At one point, the employee tries to have her park away from the window, saying her food will be brought over to her car, but she refuses. “I will sit here and wait for you,” she tells him. “I’m going to wait for you until I get my food and then I’ll pay you. Thank you. If you want to have a lawsuit, go ahead.”

When the employee notices that he is being recorded by the customer’s son, he starts mocking her sign language, giving the camera a thumbs up and waving his hands around while laughing.

The employee eventually closes the window on her and walks away.

Arnaud-Jensen shared the video on her Facebook page, where she wrote that she sat in the drive-thru for two hours.

“This is common for deaf people to experience this, including me,” Arnaud-Jensen added in a comment. “This is not my first time. I had this happen to me several times, however, this one was the worst I have experienced.”

She later spoke to WKYT about the incident saying, “I was just fed up, the constant, you know, telling us to go, when it should be equal access.”

“This needs to stop. It’s very common everywhere. It needs to stop. This is 2019. I fight for equal access. And I feel awful. I feel like it was my fault.”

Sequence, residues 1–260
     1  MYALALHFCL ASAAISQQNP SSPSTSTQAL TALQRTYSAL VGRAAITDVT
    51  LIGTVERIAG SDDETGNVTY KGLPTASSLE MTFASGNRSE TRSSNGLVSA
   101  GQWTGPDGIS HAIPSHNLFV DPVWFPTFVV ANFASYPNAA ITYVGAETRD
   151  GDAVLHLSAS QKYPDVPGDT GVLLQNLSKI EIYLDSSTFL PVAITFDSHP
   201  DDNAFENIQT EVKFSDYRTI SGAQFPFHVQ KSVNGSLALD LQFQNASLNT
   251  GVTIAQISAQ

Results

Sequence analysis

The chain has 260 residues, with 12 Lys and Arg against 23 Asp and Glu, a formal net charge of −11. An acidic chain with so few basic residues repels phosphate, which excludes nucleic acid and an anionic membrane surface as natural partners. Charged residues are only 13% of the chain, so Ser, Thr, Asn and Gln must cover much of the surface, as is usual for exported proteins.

Her son, Malachi Jense, told NBC News he was shocked by the situation. “It was my first time seeing an employee acting like that, and honestly I was very shocked. I felt pretty mad too because deaf people very often get treated differently.”

Employee Terminated

A spokesperson for Jack in the Box said the employee was fired over the incident.

“We do not tolerate the mistreatment of any customers and expect employees to follow all training procedures, be respectful, courteous and accommodating to all guests,” the company said in a statement to NBC Bay Area